Skip to main content

In the Loop

3 companies using the power of AI to advance the circular economy

This article is drawn from the Circular Weekly newsletter from GreenBiz, running Fridays.

A key principle of the circular economy is keeping materials at their highest and best use. But with the amount of material flowing through our industrial system, "highest and best" can be a moving target.

It doesn’t have to be, according to a new report (PDF) by the Ellen MacArthur Foundation and Google. The white paper posits that artificial intelligence (AI) can be a valuable tool to help accelerate and scale the transition to a circular economy while creating new forms of value.

AI is an umbrella term for technologies that can learn, reason and perform human-like functions (pattern recognition, prediction, optimization) with more accuracy, speed and efficiency than humans. Given humanity’s inefficient, waste-ridden industrial systems, AI can help solve some complex problems that stand between the current linear system and a more circular one.

And where there’s efficiency, there’s economics. Through product and material design, operating new business models and optimizing infrastructure, AI could unlock up to $127 billion annually for the food value chain and up to $90 billion for consumer electronics, all by 2030, according to the report.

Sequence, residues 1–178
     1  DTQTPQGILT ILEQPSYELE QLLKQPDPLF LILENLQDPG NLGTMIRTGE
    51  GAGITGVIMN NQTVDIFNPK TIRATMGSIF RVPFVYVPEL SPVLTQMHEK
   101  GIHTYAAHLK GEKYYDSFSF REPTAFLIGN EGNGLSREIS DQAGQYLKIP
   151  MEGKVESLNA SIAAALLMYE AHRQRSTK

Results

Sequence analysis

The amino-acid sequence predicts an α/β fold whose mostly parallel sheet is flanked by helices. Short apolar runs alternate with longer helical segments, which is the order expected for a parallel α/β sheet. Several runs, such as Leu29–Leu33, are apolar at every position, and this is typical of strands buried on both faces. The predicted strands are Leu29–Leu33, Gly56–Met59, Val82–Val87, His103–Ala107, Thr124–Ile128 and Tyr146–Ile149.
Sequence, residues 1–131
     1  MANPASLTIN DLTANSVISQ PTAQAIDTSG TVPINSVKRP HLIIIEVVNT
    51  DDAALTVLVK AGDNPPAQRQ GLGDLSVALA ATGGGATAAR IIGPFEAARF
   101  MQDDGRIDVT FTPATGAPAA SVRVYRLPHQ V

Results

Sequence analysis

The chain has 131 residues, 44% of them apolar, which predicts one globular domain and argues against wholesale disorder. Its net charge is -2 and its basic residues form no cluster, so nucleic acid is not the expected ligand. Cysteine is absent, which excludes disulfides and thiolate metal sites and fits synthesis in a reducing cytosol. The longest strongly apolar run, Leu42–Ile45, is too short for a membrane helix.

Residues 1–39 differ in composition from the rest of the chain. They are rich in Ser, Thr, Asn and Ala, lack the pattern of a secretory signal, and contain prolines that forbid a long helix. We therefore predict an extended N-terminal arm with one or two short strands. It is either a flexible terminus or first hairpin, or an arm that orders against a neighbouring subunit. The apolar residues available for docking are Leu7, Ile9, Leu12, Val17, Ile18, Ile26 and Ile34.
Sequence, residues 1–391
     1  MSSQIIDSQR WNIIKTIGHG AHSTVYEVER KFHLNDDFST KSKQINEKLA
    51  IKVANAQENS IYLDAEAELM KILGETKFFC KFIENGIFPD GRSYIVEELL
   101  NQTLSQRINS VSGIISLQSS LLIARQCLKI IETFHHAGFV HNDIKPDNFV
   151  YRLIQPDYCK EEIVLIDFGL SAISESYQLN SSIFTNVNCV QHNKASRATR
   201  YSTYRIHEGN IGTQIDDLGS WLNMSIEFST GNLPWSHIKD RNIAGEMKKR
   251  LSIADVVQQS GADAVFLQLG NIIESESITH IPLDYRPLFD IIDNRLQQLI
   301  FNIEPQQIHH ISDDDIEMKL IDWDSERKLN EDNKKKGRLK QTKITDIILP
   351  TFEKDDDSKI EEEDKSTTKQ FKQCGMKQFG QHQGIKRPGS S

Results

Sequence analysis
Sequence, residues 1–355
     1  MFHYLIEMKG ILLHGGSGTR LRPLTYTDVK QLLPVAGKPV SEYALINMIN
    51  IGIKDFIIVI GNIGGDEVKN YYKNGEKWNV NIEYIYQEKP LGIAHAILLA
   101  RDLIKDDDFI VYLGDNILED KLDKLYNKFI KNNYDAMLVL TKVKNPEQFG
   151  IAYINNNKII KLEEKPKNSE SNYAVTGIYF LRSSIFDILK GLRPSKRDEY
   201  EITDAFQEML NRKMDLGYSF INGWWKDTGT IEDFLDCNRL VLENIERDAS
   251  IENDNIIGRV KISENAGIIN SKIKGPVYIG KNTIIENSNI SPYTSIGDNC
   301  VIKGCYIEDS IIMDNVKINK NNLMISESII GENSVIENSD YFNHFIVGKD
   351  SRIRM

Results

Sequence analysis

AI could unlock up to $127 billion annually for the food value chain and up to $90 billion for consumer electronics, all by 2030.
Here are three companies already harnessing the power of AI for circularity:

  1. TOMRADespite the growing acceptance of ugly produce — misshapen or imperfect fruits and vegetables that consumers may deem unattractive — grocery stores struggle to sell non-uniform fruits and vegetables, which leads perfectly edible foods to wind up in the compost bin (or worse, a landfill). But this waste is avoidable. The ability to quickly sort food by its uniformity can ensure that a pristine potato ends up on the grocery store shelf while its less-attractive cousins become potato chips. TOMRA is already in adjacent businesses, such as reverse vending machines, which dispense cash for empty containers; and recycling optical sorters, used by waste-handling facilities to sort materials. Now, TOMRA is using its algorithms to analyze images and data from cameras, near-infrared spectroscopy, X-rays and lasers — to identify non-uniform produce and sort it according to its highest and best use.
  2. Stuffstr: Built on the vision of "No Unused Stuff," Stuffstr helps consumers sell their used clothing back to retailers, regardless of condition. In doing so, the company boosts reuse, increases consumer awareness about the value of unused and lightly worn clothing and builds a financial incentive to ensure unwanted apparel is kept out of landfills. On the back end, Stuffstr uses AI algorithms to forecast demand and strategically price the products it buys from consumers and sells in secondary markets. AI also helps refine Stuffstr’s sales strategy to enable experimentation and rapid feedback loops.
  3. Optoro: The rise of e-commerce has created the growing challenge of what to do with product returns. Currently, roughly 25 percent (PDF) of returns end up in landfills, as doing so is cheaper than sorting returns and returning what’s resellable back to inventory. Optoro uses AI and predictive analytics to help retailers and brands manage, process and sell returns and excess inventory through the highest-value channel.

That’s just a start. From identifying plant-based alternatives to meat to rapidly testing new and recyclable alloys, there is broad, growing and largely untapped potential to leverage AI to accelerate circularity.

More on this topic